A terminally ill Belfast woman is urging people across Northern Ireland to be part of the ‘teal takeover’ today as a month-long campaign begins in a bid to tackle the low level of awareness around Ovarian cancer.
Una Crudden, a mother-of-five from Poleglass, was diagnosed with the killer disease four years ago, by which stage she said it was “too late”.
Despite battling the illness, having had four intensive sessions of chemotherapy, Una has dedicated much of her time since 2009 to raising awareness of a disease she said could and should be detected much sooner than it is in many cases.
Being diagnosed around the same time as four other women in the surrounding area, and now being the only one left alive, is a sobering thought and a massive motivator, Una said.
The 59-year-old, who is urging everyone to wear the colour teal as an immediate eye-catcher in the campaign, has vowed she will not give up on the issue.
She has already pressed the Health Minister to implement a specific Ovarian Awareness Campaign here, and today will present a petition to Mr Poots at Stormont.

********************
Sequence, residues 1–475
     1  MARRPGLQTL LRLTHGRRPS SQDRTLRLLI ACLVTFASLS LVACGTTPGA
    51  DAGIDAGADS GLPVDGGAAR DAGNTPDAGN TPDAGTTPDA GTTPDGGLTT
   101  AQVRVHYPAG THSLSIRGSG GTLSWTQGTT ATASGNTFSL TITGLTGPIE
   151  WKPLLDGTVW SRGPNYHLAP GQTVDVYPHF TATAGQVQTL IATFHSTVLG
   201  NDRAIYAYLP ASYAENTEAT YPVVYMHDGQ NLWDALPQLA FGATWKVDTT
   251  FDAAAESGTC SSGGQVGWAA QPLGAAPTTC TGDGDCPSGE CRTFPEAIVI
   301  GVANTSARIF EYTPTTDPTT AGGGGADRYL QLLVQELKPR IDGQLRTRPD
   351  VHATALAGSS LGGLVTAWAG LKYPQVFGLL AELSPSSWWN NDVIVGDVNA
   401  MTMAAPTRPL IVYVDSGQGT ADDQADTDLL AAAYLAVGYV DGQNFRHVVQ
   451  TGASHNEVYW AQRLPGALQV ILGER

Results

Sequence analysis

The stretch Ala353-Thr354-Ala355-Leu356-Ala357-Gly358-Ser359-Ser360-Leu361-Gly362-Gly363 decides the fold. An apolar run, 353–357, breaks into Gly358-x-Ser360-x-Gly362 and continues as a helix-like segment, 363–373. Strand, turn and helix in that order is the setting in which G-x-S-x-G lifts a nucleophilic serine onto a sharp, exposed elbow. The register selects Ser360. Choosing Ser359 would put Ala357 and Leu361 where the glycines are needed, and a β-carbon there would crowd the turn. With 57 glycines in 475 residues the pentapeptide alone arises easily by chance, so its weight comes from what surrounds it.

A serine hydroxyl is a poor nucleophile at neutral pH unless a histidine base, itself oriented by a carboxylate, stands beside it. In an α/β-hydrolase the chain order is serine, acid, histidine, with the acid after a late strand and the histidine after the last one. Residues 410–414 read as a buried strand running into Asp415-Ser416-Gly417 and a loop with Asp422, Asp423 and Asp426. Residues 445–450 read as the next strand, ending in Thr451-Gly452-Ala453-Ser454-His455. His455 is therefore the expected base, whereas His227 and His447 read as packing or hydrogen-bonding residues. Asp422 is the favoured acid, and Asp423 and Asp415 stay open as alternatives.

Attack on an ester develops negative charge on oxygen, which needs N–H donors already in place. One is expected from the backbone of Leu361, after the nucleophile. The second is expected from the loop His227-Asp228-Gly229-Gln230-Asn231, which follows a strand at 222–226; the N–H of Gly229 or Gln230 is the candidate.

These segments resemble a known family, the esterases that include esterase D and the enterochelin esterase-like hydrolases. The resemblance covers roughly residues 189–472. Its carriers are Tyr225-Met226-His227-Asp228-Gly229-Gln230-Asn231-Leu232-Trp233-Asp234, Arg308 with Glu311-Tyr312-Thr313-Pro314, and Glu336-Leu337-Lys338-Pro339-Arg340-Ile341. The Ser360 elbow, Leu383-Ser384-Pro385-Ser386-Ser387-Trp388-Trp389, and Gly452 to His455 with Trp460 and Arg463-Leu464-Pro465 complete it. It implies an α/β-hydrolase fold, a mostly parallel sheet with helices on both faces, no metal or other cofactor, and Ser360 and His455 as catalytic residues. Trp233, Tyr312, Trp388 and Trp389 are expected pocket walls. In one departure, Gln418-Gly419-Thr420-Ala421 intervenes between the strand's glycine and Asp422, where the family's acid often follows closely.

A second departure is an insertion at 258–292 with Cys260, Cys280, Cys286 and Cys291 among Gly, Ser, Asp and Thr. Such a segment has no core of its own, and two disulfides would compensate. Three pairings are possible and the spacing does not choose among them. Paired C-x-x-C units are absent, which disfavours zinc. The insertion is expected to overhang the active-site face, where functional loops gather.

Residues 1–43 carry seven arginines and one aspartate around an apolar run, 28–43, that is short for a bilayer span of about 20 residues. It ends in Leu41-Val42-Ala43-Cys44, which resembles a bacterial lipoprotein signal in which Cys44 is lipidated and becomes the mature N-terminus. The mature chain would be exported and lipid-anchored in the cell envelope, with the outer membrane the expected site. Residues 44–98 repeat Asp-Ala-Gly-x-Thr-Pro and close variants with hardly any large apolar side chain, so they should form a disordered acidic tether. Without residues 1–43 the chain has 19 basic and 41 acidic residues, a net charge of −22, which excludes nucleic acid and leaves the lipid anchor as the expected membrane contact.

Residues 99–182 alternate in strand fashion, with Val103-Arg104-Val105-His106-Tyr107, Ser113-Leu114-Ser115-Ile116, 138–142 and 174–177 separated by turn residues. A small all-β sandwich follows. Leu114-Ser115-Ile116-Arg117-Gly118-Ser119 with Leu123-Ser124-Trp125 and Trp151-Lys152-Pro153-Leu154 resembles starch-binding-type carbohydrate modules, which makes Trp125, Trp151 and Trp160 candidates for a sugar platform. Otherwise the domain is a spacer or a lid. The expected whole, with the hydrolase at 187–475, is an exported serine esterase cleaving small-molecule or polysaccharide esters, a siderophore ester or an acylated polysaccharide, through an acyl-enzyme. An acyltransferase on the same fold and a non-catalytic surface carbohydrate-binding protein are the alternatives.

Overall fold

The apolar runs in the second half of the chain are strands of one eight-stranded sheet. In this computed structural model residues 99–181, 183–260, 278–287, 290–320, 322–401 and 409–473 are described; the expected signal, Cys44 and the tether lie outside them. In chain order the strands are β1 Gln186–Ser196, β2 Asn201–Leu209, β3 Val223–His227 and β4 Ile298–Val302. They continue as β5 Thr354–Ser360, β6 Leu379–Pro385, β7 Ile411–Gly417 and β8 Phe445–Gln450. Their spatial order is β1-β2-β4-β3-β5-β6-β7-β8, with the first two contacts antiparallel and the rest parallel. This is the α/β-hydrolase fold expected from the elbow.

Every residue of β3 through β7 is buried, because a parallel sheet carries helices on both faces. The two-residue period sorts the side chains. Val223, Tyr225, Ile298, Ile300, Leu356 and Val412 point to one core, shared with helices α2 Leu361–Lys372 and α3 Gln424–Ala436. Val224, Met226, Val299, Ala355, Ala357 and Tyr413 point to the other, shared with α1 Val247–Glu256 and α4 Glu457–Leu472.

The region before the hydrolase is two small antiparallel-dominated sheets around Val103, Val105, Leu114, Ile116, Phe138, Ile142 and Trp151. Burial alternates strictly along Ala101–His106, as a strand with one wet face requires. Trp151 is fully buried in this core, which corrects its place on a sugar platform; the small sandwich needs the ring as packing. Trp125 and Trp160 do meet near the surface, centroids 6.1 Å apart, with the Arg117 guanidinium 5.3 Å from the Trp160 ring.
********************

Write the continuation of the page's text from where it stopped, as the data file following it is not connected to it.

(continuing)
The symptoms of Ovarian Cancer are often confused with other less serious illnesses, but Una said accepting this is simply not good enough.
“In my case the doctor got it wrong and I am now paying with my life,” she said. “As far as I am concerned if I give up on this (campaign) now and die then it’s not going to happen.”
Since her diagnosis Una has given talks “to the ovarian cancer sufferers of tomorrow”.
“I might be from west Belfast but I will go into any area and talk to people about this - the disease does not care what religion you are or where you come from.”
A general awareness campaign on different types of cancer is not good enough, Una said.
“If it’s not on its own it won’t make the headlines,” she said. “There is great inter-party support for this - something needs to be done.”
The month of March is dedicated to raising awareness around ovarian cancer – and Una is at the forefront of the Northern Ireland campaign.
The symptoms, including persistent bloating, persistent pelvic and abdominal pain, difficulty eating and feeling full quickly, or feeling nauseous, are often confused with other less serious things like irritable bowel syndrome.
A survey by the Target Ovarian Cancer charity last month found that none of the women questioned in Northern Ireland were aware of the symptoms of the disease and some thought, incorrectly, that a cervical smear test could also detect ovarian cancer.
Last year almost 200 women here were diagnosed with ovarian cancer. Visit www.targetovariancancer.org.uk for more information.